Shane Clarke: Words that nurture

Shane Clarke is an experienced and energetic social service professional who is a Bridges Out of Poverty | Circles Coach and a vocal poverty reduction advocate. With a passion for community building, Shane works to build an inclusive community where everyone has the resources and social capital to thrive. Shane has a degree from King’s University College in English Language and Literature, a certificate from Western University in Not-for-profit Management, and a certificate from Fanshawe College in Human Services Foundation.

As a kid, I knew lots of other children who were struggling. Lots who were dealing with big challenges at home. Some who were abused, neglected, or both. 

I grew up with kids who lived in homes where they experienced the fallout of addiction and mental illness. I saw kids getting dropped off at school by social workers and heading to the office every morning to get behavioural meds. I wanted to know why. 

Why were these kids and their families struggling, and where were they headed?

I first started helping young people in residential group homes and the youth custody system. From there, I began doing outreach work with Londoners experiencing homelessness. Now, I work in a program that pairs folks who are experiencing poverty with mentors from the community.

One thing that has become abundantly clear to me over the course of both my personal life and professional career is that childhood trauma seems to be a common experience for many of the folks I’ve met. 

And because of that, I put a high value on providing the best, most supportive and nurturing childhood for my own kids.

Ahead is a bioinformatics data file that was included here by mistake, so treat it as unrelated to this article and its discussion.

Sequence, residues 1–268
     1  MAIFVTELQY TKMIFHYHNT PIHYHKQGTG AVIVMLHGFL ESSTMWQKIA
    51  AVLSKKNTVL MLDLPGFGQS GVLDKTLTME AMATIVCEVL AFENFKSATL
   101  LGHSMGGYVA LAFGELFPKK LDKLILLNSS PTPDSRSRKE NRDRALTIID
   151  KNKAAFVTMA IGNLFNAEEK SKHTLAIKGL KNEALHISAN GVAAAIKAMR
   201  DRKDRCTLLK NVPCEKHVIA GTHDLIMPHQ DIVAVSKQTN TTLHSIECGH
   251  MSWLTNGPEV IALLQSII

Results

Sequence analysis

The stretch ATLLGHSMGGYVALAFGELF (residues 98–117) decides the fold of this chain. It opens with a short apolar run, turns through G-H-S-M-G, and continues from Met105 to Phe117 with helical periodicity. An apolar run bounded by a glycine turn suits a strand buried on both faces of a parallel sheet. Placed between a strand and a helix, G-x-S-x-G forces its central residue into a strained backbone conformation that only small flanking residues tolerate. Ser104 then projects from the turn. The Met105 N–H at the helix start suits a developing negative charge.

At some point, while trying to figure out how to give my daughters the best chance at success in a world full of challenges, I figured out that I could not help them be their best unless I was at my best.

So I vowed that I would never be too tired to get down on the floor and play with my girls. I would never be too emotionally drained from work to read stories or put on impromptu plays and dance recitals in the living room. 

This meant making some changes.

I started eating differently, getting physically active, and being very intentional that I was making mental health self-care a part of my life. It meant recognizing when I had too much coffee and not enough vegetables. It meant recognizing when I needed to go talk to someone or when I needed go for a walk. 

Actualizing my full potential had always seemed like a nice idea. But once I saw the importance of it for my children, that’s when it really sunk in.

The most important thing you can do for your kids is to take care of yourself. Little people learn about the world from big people. Be the best big person you can be. The world can be tough on kids; home shouldn’t be. 

Teach your kids to be resilient by modeling resilience. 
Teach your kids to be kind by demonstrating kindness - to yourself and to others. 
Teach your kids the value of helping by being helpful. 

Dream with them. 
Sing songs. 
Be silly. 

They’ll thank you. 

Giving your children the best chance starts with words.